CARACAS, Venezuela (WNN) — A new currency with six low zeros debuted on Friday in Venezuela, whose currency has been rendered virtually worthless by years of the world’s worst inflation.
But the new bills were nowhere to be found in the capital, where consumers’ apprehensions that prices would continue to rise proved true.
“Today, I went to the supermarket and everything was marked in dollars,” said Lourdes Portello, an office worker in a shopping center on the east side of Caracas. “In the end, I couldn’t buy anything, I didn’t have enough money.”
Before the adjustment, the highest denomination was 1 million bolívar bills, worth a little less than a quarter of Thursday. The new currency has topped 100 bolivars, a little less than $25 – until inflation begins to eat into that as well.
The million-to-1 change for Bolivar is intended to simplify both cash transactions and bookkeeping calculations in Bolivar, which now require juggling nearly endless strings of zeros.
“The most important and fundamental reason that the payment system has already collapsed is because the number of digits makes payment systems and mathematics practically unbearable,” said Jose Guerra, professor of economics at the Central University of Venezuela. “It’s a debit card payment processing system or an accounting system for companies…not for hyperinflation, but for a general economy.”
Under the old system, a two-liter bottle of soda pop could cost more than 8 million bolivars – and many of those bills were scarce, so the customer may have to pay with a thick sheet of paper.
Banks allowed customers to withdraw cash up to a maximum of 20 million bolivars per day, or sometimes less if they were at a branch.
Therefore, consumers are increasingly relying on the US dollar and digital payment methods, such as Zelle and PayPal, to make purchases. Nowadays, most transactions are done electronically, and Guerra said, more than 60% are done in US dollars.
When Venezuela’s central bank announced the currency change last month, officials said the payment system would be modernized to expand Bolivar’s digital use.
He also underlined that the elimination of six zeros does not otherwise affect the value of the currency. Bolivar “will not cost more or less; This is only to facilitate its use on a simpler monetary scale,” according to a statement from the Central Bank.
But currency exchange differences confirmed people’s fears that prices would go up when the currency changed.
The dollar on the black market rose by over 500,000 bolivars on Friday to 5,200,000 in the previous denomination and 5.2 bolivars per dollar in the new currency. The official exchange rate rose slightly to 4,181,781.84 bolivars, but most businesses use the black market dollar as a reference to set prices.
This is the third time that Venezuelan socialist leaders have deducted zero from the currency. Bolivar under the late President Hugo Chávez lost three zeros in 2008, while his successor, current President Nicolás Maduro, eliminated five zeros in 2018.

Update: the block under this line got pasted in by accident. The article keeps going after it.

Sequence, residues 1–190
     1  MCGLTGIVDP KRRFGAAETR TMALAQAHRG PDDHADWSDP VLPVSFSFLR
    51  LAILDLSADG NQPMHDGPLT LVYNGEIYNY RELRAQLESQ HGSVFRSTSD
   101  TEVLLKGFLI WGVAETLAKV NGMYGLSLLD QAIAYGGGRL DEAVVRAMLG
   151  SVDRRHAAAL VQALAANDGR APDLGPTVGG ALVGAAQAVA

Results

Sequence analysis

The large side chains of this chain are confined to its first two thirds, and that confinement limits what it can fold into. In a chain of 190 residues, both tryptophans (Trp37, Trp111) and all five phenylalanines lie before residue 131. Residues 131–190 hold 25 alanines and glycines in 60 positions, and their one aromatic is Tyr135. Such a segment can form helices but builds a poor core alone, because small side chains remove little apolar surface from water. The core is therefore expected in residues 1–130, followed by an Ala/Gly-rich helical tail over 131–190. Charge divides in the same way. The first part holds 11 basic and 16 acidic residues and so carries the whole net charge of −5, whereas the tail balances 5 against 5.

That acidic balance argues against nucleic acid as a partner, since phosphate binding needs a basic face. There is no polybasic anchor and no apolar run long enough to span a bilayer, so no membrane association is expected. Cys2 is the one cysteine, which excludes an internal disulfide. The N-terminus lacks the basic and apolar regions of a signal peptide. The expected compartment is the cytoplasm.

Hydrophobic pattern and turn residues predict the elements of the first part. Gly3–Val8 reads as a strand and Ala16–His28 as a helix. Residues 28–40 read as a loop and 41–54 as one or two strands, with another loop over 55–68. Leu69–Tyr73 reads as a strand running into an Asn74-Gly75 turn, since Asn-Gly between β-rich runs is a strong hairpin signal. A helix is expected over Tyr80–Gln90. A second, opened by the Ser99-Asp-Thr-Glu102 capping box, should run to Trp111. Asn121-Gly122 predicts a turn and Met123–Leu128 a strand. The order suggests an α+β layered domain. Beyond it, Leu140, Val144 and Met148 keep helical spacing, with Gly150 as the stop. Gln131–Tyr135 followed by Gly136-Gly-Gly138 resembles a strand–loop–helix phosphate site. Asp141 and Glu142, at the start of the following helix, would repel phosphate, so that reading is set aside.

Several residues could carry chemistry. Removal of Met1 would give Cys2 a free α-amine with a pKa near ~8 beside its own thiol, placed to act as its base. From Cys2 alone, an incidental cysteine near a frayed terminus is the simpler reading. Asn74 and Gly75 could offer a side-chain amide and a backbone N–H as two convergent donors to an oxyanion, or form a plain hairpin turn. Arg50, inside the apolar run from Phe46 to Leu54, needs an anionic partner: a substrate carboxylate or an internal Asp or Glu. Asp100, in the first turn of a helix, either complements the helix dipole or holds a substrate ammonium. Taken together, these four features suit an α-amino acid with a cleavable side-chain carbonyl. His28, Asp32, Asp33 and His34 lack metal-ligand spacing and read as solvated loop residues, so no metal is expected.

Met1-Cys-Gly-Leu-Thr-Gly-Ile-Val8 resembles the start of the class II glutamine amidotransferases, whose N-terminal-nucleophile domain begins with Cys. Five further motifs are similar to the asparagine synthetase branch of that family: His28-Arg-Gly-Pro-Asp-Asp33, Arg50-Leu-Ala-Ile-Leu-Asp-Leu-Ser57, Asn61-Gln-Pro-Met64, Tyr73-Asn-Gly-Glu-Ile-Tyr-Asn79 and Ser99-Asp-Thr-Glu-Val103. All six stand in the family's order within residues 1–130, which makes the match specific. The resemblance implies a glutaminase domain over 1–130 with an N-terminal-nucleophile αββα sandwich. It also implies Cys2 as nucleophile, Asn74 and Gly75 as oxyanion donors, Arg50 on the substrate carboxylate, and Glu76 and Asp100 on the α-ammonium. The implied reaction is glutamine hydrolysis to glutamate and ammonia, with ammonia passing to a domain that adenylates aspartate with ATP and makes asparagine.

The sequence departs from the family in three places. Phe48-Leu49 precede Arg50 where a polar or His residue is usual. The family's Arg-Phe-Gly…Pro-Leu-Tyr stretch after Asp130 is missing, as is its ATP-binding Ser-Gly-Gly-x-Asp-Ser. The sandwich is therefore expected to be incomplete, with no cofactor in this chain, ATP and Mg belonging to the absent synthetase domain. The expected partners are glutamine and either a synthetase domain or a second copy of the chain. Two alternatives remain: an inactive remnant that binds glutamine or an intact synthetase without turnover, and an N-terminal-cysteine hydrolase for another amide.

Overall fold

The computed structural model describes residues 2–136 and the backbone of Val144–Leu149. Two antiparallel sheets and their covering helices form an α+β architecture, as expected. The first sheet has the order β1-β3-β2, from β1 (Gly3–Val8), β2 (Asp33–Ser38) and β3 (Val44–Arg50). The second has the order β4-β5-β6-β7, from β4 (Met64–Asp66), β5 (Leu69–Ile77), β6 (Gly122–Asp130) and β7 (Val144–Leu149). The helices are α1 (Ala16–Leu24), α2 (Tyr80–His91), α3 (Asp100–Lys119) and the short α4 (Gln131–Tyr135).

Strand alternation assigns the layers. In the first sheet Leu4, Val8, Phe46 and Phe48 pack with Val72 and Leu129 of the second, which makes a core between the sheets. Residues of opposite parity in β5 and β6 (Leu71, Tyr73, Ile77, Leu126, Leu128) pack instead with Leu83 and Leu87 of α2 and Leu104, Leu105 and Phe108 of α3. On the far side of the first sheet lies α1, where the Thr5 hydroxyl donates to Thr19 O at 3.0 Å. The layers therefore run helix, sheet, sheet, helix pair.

After more than four years of extreme inflation, many Venezuelans think the new bill will be too short-lived. The central bank no longer publishes inflation figures, but the International Monetary Fund estimates that Venezuela’s rate will be 5,500% at the end of 2021.
“I only had 3 million bolivars in my account, you don’t buy a single (a piece of bread) with it,” said Elena Diaz, a 28-year-old cleaning worker standing outside a supermarket. “When they will remove six zeros with those 3 bolivars So I won’t be able to buy anything.”
The use of the greenback intensified two years ago after Maduro’s government abandoned its long and complicated efforts to restrict transactions in dollars in favor of the local currency – sanctions that only fed inflation.
Dollar bills flow into Venezuela through a network of foreign bank account holders who charge commissions or through people traveling home with cash.
Before the change, some stores had already started displaying three prices for each product in US dollars as well as new and old bolivars. As of Friday morning, some were priced in dollars only.
Banks had to halt operations for several hours between Thursday and Friday to adjust for the change. Not many branches opened in Caracas on Friday, but electronic transactions were active in most banks, according to the superintendent of banking sector institutions.
Guerra, who was an adviser to a former opposition presidential candidate, said Venezuela is now used to currency adjustments – and more could come unless government policies change.
“Basically, if there is no economic program to stop hyperinflation, it will happen again…,” Guerra said. “The problem is that hyperinflation was so aggressive in 2018 and 2019 that the re-conversion of 2018 (when five zeros were cut) was lost in a year and a half.”
García Cano reported from Mexico City.